It is possible to eat until your stomach bursts open, but most people will never come close to this horror. Feeling like your stomach might burst, for example after gorging on a large Thanksgiving feast, is the painful signal that tells you to stop eating and saves you from a worse fate. The neuronal circuits that control our eating behavior have evolved to keep us well fed, but not overfed. There are triggers that tell you to start eating, such as hunger and the availability of food, and triggers that tell you to stop, such as sensation of dangerous foods or gut distension.
But what if that system was broken? Kristin Scott’s lab at UC Berkeley has discovered a small set of neurons in the fruit fly that chronically inhibit eating. Without them, the animal will eat until it regurgitates, excretes, or explodes.
Investors and gamblers take note: your betting decisions and strategy are determined, in part, by your genes. Researchers from the University of California, Berkeley, National University of Singapore and University of Illinois at Urbana-Champaign (UIUC) have shown that betting decisions in a simple competitive game are influenced by the specific variants of dopamine-regulating genes in a […]
Neuroscientists, engineers and physicians are teaming up for an ambitious five-year, $26 million project to develop new techniques for tackling mental illness. By using devices implanted in the brain, they aim to target and correct malfunctioning neural circuits in conditions such as clinical depression, addiction and anxiety disorders. The project was announced today (Tuesday, May 27) by […]
Blocking a pain receptor in mice not only extends their lifespan, it also gives them a more youthful metabolism, including an improved insulin response that allows them to deal better with high blood sugar. “We think that blocking this pain receptor and pathway could be very, very useful not only for relieving pain, but for […]
Michel Maharbiz is an associate professor in the Department of Electrical Engineering and Computer Science. Well-known for the creation of cyborg beetles, Maharbiz imagines a future where bio-interfaces are everywhere. He recently received attention for a theoretical paper he wrote in collaboration with Dongjin Seo, Jose Carmena, Jan M. Rabaey, and Elad Alon about “neural dust,” […]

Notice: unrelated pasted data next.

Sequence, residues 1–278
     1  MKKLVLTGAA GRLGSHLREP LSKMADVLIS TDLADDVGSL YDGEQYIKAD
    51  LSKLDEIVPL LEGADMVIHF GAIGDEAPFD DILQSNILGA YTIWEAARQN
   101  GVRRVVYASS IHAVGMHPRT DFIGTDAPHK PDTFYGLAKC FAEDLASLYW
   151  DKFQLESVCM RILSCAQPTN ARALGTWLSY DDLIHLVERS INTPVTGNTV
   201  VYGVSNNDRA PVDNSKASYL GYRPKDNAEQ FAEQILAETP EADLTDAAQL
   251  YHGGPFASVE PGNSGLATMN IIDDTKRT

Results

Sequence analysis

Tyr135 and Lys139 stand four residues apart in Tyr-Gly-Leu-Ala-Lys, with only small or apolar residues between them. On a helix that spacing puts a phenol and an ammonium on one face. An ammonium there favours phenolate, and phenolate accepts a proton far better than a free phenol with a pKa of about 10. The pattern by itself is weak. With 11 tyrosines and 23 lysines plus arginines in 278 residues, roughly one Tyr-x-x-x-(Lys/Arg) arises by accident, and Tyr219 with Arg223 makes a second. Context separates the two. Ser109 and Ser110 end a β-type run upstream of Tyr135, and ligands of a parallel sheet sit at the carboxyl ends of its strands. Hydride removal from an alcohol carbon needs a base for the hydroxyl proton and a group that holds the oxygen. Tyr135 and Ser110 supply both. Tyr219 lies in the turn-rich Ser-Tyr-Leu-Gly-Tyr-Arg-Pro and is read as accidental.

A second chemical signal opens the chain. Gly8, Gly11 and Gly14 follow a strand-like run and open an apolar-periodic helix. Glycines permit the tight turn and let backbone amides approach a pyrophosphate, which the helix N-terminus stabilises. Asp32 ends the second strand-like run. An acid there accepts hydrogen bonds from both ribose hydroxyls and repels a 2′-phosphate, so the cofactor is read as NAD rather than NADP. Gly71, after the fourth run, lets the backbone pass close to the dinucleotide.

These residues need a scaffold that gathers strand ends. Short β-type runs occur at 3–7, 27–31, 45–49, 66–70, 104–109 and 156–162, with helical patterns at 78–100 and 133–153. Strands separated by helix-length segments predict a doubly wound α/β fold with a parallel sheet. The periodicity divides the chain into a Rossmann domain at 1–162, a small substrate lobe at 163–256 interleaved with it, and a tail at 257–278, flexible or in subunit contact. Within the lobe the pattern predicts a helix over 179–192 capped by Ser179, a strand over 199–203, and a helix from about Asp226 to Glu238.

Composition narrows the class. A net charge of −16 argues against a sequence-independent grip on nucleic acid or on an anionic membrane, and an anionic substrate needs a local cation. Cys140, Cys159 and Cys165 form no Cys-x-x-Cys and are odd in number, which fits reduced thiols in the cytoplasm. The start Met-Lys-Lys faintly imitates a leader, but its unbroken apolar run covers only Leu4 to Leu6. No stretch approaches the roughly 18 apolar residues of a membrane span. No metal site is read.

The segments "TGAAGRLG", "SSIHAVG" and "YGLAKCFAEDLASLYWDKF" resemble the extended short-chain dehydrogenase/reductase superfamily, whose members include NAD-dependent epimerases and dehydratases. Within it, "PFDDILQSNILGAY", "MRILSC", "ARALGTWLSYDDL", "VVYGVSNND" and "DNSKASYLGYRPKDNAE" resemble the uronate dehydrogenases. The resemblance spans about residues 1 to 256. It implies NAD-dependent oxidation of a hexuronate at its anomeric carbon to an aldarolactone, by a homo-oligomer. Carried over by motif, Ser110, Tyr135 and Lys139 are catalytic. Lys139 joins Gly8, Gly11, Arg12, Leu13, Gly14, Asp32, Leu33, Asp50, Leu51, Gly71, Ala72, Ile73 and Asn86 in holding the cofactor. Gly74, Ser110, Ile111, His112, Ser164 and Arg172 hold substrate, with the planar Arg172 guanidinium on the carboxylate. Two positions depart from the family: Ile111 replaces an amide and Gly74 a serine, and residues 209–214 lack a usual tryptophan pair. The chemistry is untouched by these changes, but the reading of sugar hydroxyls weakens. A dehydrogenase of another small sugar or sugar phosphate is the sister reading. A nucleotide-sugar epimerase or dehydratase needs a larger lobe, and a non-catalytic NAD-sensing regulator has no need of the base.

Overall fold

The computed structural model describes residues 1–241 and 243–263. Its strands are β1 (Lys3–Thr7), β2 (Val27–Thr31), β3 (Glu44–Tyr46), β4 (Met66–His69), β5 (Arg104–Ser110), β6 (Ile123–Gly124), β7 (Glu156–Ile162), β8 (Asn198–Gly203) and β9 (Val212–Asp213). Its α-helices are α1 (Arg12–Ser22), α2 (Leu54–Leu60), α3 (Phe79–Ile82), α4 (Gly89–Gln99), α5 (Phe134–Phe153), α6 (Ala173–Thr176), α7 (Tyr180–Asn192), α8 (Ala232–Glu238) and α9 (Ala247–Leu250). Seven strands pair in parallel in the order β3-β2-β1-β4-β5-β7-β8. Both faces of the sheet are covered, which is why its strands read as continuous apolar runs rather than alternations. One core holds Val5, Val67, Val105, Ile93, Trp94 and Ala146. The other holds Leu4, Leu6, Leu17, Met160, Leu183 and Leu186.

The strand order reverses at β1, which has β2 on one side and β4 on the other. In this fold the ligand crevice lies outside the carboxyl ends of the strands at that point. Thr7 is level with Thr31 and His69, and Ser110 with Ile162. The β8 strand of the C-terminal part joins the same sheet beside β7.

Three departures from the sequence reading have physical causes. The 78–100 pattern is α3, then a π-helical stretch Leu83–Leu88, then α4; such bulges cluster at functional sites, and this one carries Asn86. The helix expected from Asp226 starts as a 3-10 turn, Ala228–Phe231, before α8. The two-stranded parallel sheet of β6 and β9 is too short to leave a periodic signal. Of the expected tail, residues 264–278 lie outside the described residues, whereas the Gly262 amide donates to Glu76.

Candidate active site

Between 10 and 20 percent of all cases of epilepsy result from severe head injury, but a new drug promises to prevent post-traumatic seizures and may forestall further brain damage caused by seizures in those who already have epilepsy. A team of researchers from UC Berkeley, Ben-Gurion University in Israel and Charité-University Medicine in Germany […]
Engineering professor Jose Carmena was working on a research grant in December 2012 when his colleague and friend, Michel Maharbiz, burst through his office door accompanied by director Wally Pfister and a production team for an upcoming sci-fi thriller. The Hollywood filmmakers were working on a story about a brilliant artificial intelligence scientist whose brain […]
The mystery of how memories are made, stored and retrieved is closer to being solved, thanks to a group of UC Berkeley researchers. Ehud Isacoff, a campus neurobiology professor and director of UC Berkeley’s Helen Wills Neuroscience Institute, is working to explore multiple levels of the brain to find out how memories form and how […]
Director Wally Pfister joins UC Berkeley neuroengineers to discuss the science behind ‘Transcendence’
“Transcendence” director Wally Pfister, Oscar®-winning cinematographer (“Inception”), will come to the University of California, Berkeley, for a screening of exclusive film clips and audience Q&A. The movie, opening Friday, April 18, is about a leading artificial intelligence researcher, played by Johnny Depp, working to create a sentient machine that combines the collective intelligence of everything […]